Brent is a second-generation farmer who spoke to a gathering of master gardeners recently. He mentioned that his grandmother sewed daffodil bulbs in the hem of her dresses when she came to America.
I have ordered bulbs from the Heaths for a long time and have been happy with their products. Daffodils will brighten your garden and landscape with yellow smiles in early spring. They are affordable, require little maintenance and are tolerant to pests. Daffodils contain a narcotic alkaloid that is distasteful to deer, squirrels and voles. Daffodils bloom in February in Virginia when ours are sound asleep.
Now is the time to order your bulbs for next spring, but don’t plant them until early November, when the soil temperature is somewhat lower. Loosen the soil down to 3 times the bulb’s height then plant with the pointed side up. Cover the bulb with a mixture of soil and compost.
After the blooming season is over, apply a fertilizer high in phosphate. Do not remove the stem or leaves for at least eight weeks as they are key to the bulb blooming in full again next year. The bulbs should be divided every five years. When replanting do not remove the smaller bulbs from the mother bulb.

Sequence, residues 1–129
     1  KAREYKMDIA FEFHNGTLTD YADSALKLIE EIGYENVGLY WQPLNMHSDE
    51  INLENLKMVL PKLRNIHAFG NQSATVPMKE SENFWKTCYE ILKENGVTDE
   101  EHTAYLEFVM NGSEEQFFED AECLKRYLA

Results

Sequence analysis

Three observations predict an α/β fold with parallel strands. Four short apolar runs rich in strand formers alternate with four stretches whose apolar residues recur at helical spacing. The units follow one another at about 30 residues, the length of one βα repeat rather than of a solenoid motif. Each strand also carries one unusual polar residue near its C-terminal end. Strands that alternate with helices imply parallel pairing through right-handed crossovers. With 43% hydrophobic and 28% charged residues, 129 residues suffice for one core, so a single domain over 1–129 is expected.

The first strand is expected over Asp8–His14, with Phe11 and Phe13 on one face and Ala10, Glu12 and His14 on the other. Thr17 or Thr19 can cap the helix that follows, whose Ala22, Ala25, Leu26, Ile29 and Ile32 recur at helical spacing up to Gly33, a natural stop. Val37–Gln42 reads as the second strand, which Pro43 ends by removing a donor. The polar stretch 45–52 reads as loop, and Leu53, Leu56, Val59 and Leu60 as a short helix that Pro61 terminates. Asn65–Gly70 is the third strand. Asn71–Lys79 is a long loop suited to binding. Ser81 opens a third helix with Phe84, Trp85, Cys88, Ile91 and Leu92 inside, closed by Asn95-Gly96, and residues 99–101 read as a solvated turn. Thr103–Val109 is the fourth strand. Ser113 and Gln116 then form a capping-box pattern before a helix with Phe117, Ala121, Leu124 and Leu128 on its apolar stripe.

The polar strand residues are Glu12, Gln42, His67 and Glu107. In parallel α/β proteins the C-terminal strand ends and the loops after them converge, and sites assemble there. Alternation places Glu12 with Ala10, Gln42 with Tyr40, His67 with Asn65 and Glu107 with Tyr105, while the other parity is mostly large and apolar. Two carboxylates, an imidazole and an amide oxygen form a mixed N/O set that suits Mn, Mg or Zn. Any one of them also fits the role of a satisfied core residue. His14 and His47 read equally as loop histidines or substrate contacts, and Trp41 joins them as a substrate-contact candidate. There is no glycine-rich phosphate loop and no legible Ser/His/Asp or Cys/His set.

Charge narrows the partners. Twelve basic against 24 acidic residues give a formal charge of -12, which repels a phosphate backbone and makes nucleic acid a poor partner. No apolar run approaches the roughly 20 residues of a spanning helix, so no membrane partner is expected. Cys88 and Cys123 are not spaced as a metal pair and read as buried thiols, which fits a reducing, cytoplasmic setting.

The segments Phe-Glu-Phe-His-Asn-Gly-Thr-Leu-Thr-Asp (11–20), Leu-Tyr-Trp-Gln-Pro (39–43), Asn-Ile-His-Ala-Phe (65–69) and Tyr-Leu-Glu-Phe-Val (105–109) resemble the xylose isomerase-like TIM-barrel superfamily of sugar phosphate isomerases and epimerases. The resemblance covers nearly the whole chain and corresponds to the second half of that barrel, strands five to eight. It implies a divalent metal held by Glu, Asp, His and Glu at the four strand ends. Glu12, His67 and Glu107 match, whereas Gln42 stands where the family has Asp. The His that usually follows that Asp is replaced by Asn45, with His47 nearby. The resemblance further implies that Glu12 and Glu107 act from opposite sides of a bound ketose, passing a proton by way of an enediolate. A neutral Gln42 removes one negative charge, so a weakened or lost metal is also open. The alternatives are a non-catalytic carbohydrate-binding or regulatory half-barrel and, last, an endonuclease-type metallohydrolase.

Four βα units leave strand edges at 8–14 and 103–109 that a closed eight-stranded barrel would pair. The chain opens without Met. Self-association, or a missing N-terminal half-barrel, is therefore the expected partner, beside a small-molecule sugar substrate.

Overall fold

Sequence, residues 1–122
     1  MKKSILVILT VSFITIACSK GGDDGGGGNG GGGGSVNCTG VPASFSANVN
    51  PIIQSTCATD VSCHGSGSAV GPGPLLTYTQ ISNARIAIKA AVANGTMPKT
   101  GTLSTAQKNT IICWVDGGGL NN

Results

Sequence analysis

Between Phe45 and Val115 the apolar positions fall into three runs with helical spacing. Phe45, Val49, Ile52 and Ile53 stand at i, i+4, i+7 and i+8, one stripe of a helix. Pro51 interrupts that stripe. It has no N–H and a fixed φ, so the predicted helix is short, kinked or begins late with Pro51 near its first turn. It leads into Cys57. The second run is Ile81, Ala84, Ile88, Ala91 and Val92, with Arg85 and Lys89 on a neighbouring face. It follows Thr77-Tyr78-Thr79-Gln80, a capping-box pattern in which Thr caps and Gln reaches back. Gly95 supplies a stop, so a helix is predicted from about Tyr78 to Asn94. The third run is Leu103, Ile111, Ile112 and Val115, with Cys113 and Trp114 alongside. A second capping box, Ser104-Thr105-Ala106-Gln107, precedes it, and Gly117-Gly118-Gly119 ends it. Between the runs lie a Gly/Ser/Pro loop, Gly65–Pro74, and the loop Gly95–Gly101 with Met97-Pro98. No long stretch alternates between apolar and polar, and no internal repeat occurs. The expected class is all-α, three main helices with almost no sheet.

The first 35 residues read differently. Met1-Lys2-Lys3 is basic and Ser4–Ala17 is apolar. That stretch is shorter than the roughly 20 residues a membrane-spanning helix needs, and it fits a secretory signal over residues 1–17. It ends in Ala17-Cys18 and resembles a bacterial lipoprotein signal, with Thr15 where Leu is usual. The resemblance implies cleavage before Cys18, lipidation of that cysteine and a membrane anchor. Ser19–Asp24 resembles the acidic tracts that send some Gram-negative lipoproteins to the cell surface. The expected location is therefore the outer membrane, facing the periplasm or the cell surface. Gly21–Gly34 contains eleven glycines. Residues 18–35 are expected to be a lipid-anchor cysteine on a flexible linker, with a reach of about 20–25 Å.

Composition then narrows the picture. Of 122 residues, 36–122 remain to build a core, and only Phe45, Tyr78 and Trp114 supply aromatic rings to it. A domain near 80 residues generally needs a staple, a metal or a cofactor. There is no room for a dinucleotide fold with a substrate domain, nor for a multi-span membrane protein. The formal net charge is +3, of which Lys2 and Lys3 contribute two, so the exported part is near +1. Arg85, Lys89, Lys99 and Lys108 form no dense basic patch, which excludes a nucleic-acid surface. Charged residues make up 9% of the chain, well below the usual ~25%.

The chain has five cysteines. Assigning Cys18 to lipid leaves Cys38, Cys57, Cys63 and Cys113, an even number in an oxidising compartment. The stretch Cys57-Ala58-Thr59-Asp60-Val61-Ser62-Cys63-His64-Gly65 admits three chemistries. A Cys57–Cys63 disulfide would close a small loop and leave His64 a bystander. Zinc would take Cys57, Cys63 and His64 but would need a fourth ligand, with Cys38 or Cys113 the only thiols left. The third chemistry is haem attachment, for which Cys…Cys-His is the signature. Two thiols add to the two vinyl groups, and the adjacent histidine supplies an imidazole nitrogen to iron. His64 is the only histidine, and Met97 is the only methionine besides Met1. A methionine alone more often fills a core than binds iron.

Other spring flowering bulbs that enhance yards and gardens are crocuses and anemones. These bulbs are small and can be planted one or 2 inches deep directly in your lawn. Since it is difficult to determine which side is up, Brent recommends to plant them on their sides. These bulbs will bring you surprises next spring. The blooms and the plants will disappear before you need to mow the lawn.
“In the garden, autumn is indeed the crowning glory of the year, bringing us the fruition of months of thought and care and toil. And at no season, safe perhaps in daffodil time, do we get such superb color effects as from August to November.”
— Rose Kingsley, “The Autumn Garden,” 1905.